Association of bullying with adolescent health-related quality of life

J Paediatr Child Health. 2003 Aug;39(6):436-41. doi: 10.1046/j.1440-1754.2003.00184.x.

Abstract

Objective: To examine the relationship between being bullied and health-related quality of life (HR-QOL) in adolescence.

Methodology: Subjects were a cohort of 805 adolescents with a mean age of 13.6 years (standard deviation 0.2 years). An adolescent questionnaire elicited the frequency of being bullied. HR-QOL was measured using the Child Health Questionnaire - Parent Report Form (CHQ-PF50) and Dartmouth COOP Functional Health Assessment Charts for Adolescents.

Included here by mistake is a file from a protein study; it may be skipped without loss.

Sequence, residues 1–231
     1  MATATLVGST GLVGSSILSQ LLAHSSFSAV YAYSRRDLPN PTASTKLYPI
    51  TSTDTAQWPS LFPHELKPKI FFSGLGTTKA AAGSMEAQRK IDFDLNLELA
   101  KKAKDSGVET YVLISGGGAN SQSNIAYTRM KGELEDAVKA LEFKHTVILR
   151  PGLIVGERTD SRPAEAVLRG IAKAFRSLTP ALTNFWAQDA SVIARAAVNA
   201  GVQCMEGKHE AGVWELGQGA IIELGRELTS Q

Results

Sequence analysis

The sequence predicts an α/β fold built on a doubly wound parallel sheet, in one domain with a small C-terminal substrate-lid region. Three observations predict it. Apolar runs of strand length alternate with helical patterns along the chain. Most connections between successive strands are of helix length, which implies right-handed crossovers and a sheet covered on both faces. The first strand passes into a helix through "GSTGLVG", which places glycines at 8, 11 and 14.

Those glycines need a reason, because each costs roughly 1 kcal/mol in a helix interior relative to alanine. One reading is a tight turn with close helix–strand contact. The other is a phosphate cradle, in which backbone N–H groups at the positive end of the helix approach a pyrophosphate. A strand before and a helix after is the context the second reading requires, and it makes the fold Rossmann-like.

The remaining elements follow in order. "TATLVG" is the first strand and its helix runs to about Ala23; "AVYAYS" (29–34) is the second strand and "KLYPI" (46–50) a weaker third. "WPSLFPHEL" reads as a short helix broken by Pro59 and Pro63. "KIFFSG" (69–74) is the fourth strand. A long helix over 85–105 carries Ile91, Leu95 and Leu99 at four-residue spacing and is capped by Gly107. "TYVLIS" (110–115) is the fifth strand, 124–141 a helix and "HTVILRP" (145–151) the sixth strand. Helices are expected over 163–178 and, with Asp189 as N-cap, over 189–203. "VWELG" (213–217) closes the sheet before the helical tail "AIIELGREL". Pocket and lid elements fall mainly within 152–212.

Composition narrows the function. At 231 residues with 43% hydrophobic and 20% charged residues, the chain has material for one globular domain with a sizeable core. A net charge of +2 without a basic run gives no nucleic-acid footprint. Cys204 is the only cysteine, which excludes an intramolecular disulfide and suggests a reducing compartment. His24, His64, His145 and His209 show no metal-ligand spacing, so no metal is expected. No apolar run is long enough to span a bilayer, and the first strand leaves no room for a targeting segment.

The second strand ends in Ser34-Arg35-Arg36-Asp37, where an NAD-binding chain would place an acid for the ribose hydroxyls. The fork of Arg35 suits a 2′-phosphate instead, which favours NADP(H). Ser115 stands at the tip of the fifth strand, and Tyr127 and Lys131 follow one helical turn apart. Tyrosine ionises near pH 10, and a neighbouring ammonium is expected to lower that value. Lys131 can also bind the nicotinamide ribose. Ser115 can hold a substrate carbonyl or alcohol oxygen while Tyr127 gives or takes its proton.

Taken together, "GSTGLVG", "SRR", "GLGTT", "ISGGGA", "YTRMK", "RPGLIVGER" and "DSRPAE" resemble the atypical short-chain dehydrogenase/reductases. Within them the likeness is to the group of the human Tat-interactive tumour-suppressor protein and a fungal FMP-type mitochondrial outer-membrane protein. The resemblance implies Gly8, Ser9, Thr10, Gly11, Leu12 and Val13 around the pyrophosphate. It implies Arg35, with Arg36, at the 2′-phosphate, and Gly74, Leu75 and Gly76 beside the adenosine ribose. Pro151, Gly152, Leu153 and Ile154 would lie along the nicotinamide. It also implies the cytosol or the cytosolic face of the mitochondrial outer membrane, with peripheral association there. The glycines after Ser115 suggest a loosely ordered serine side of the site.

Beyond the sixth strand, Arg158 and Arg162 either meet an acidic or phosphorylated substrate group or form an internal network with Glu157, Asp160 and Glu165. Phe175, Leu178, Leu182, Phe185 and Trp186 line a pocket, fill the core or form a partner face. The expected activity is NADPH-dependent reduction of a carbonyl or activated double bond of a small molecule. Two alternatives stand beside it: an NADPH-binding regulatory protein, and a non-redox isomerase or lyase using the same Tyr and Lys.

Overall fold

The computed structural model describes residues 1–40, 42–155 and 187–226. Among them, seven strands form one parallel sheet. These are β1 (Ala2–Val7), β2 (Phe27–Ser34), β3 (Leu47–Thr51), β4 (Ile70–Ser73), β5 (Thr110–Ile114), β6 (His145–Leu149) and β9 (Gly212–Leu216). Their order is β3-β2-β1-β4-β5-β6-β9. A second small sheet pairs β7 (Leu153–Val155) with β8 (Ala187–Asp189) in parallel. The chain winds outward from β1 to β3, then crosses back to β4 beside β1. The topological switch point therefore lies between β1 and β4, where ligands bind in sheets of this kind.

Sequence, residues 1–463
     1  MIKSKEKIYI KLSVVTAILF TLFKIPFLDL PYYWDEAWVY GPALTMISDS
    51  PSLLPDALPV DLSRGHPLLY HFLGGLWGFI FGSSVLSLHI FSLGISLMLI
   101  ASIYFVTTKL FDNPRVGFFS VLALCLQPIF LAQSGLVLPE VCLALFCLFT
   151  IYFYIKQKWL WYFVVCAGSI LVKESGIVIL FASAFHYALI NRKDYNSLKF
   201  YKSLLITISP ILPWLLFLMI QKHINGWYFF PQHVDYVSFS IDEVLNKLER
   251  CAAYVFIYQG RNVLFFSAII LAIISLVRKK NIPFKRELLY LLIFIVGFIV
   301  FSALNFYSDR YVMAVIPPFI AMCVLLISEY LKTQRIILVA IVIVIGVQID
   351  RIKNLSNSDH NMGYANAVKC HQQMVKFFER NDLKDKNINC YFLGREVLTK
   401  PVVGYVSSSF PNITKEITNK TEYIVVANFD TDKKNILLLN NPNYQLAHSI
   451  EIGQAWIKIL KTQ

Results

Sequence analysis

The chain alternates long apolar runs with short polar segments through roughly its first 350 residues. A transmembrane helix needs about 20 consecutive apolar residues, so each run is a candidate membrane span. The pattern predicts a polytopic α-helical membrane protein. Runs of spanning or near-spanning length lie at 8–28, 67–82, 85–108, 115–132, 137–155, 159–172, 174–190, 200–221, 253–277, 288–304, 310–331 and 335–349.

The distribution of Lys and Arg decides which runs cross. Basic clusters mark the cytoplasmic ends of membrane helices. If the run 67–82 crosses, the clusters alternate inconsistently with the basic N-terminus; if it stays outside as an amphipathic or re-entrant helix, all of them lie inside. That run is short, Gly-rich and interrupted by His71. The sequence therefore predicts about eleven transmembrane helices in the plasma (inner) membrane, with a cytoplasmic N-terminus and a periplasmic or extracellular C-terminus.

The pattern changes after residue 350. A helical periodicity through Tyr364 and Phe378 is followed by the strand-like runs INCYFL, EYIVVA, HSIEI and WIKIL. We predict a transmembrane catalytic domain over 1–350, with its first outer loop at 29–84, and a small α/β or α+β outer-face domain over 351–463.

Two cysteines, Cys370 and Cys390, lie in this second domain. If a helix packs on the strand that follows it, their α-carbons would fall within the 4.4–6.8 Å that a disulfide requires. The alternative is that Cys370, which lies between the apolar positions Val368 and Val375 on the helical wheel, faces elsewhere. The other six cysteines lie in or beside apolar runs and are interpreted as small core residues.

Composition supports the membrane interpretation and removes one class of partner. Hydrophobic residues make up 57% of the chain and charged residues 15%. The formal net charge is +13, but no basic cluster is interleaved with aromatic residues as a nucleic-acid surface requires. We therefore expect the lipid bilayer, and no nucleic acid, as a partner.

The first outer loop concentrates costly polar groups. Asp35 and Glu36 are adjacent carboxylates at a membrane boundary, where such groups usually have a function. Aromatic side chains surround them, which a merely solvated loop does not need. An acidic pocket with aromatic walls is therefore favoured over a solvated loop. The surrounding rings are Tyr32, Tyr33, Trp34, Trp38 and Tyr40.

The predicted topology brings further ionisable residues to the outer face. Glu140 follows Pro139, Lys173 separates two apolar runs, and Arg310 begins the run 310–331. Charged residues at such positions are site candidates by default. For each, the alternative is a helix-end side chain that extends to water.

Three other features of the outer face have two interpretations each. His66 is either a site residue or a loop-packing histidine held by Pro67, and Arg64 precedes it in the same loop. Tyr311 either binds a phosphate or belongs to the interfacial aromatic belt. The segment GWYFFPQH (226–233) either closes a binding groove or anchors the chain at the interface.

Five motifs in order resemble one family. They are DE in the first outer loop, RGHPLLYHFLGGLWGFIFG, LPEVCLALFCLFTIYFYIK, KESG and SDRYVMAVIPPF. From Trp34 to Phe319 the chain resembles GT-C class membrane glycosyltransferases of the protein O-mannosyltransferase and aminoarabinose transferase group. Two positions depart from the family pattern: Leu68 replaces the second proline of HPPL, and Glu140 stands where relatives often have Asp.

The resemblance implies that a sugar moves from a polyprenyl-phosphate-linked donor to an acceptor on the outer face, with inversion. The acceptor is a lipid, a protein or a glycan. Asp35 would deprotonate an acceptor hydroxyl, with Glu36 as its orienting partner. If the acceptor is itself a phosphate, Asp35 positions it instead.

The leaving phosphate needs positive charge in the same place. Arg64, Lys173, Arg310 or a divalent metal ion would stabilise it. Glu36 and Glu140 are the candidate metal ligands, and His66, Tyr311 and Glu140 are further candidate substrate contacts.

Results: Thirty-six per cent of boys and 38 per cent of girls reported being bullied at least weekly. Adolescent psychosocial HR-QOL was inversely related to frequency of being bullied, while physical HR-QOL was not related.

Conclusion: Peer bullying is an important determinant of adolescent HR-QOL with a negative impact on psychosocial well-being.

MeSH terms

  • Adolescent
  • Adolescent Behavior
  • Aggression*
  • Cohort Studies
  • Crime Victims / psychology*
  • Dominance-Subordination*
  • Female
  • Humans
  • Interpersonal Relations
  • Male
  • Psychology, Adolescent
  • Quality of Life / psychology*
  • Surveys and Questionnaires